These are strange times for all of us, but for Gen Xers like me, who grew up at the end of the Cold War, lately I’ve been feeling like Marty McFly in the cult 1980s Back to the Future films: wondering if my DeLorean’s dodgy flux capacitor has landed me in 1985, 1955 or 1885.
We now have a Chancellor and a Prime Minister, both born in the 1970s and still under 50 years old, who seem to view Ronald Reagan and Margaret Thatcher as their lodestars – leaders who were in their political prime when Kwasi Kwarteng and Liz Truss were still in primary school.
Yet they display an almost religious reverence for aspects of those former leaders’ approach: tax cuts (predominantly benefiting the wealthy), deficit spending, privatisation, and deregulation as a boon to business and an ‘unashamedly pro-growth’ attempt to attract investment. The flip side of course involves cracking down on social welfare and labour rights. Sound familiar? Maybe not if you were born after 1990.
This approach, known in the old days as ‘trickle down economics’, is being presented by these new leaders as ‘trying something different’ and ‘challenging the orthodoxy’. Really? Others would argue that much current social inequality in the UK has its roots in those very policies from decades ago, and we’ve been trying unsuccessfully to repair the damage ever since (Levelling Up, anyone?).
Even former Conservative Chancellor Ken Clarke described it as ‘the kind of thing that’s usually tried in Latin American countries without success.’ And in slightly more diplomatic language, the International Monetary Fund (IMF) recommended against the new government’s ‘large and untargeted fiscal measures’ that would ‘likely increase inequality’.
Perhaps it’s understandable that the fourth government led by the same party over the past 12 years would try to differentiate itself from its predecessors. But going Back to the Future seems a risky strategy, both politically and economically. So far, the markets seem to think so at any rate.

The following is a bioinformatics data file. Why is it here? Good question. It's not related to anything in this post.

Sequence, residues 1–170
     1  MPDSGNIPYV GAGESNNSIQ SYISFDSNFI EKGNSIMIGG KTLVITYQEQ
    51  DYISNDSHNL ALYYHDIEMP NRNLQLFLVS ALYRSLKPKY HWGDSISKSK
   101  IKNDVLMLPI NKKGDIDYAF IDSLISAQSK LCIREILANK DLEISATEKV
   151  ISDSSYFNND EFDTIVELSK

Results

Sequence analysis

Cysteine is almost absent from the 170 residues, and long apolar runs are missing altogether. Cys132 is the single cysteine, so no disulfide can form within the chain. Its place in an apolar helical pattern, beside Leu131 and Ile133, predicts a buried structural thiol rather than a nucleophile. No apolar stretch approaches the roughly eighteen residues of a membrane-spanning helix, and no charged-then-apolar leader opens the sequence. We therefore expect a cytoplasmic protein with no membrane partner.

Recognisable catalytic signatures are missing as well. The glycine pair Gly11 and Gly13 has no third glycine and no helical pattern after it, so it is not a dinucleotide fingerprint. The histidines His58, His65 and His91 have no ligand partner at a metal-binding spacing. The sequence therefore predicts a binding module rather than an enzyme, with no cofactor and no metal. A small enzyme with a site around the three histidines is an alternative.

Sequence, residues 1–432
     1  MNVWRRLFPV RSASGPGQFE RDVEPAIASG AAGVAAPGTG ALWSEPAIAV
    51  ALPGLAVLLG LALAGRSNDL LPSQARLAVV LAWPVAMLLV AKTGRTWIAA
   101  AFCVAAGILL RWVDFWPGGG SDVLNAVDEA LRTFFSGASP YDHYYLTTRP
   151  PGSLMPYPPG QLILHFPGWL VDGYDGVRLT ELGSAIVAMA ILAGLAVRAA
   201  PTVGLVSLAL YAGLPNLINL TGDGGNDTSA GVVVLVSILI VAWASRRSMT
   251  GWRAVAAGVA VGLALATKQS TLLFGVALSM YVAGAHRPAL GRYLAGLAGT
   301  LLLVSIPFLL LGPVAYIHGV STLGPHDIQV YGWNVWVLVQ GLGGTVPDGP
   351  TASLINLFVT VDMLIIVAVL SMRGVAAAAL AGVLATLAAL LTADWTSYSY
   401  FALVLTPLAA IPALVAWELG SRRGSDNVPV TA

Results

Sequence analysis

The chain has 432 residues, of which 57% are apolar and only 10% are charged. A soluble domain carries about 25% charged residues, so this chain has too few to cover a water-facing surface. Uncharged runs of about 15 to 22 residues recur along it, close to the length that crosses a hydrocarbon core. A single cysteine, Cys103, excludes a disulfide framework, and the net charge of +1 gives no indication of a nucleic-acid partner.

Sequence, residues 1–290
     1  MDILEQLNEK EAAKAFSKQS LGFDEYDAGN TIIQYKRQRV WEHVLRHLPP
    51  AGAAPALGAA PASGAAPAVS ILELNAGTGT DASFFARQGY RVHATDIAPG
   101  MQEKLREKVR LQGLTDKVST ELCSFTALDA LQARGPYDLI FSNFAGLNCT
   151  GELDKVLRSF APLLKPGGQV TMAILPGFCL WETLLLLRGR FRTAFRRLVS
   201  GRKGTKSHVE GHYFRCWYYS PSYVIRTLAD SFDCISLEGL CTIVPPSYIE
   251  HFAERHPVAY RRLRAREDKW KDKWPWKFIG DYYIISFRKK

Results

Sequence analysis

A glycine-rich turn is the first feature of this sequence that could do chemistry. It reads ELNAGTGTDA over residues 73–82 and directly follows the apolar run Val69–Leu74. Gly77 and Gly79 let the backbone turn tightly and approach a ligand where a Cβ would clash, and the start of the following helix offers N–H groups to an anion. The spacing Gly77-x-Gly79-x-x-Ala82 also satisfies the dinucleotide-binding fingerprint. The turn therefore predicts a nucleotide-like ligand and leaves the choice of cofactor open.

As it turned out, the ‘Mini-Budget’ announced by Chancellor Kwarteng at the end of September, packaged as ‘the Growth Plan’, was anything but mini. If adhered to, it will have massive implications for the country’s public finances. I’ll leave the complex economic analysis to others far more qualified, but it’s worth pointing out that in the absence of official forecasts by the Office for Budget Responsibility we have all been relying on charities like the Institute for Fiscal Studies, the Resolution Foundation, the Joseph Rowntree Foundation, and ProBono Economics to do the number-crunching and analysis.
Apart from these broad indications of the direction of travel, the ‘mini-Budget’ included some key points for charity folk to take note of.
The only time the ‘Growth Plan’ mentioned charity was in its reaffirmation of announcements made earlier in the week about the Energy Bill Relief Scheme (EBRS) for non-domestic users. This is to be in place from October to March and provides a ‘discount’ on wholesale gas and electricity prices, by creating a price ceiling for electricity and gas which energy suppliers can charge.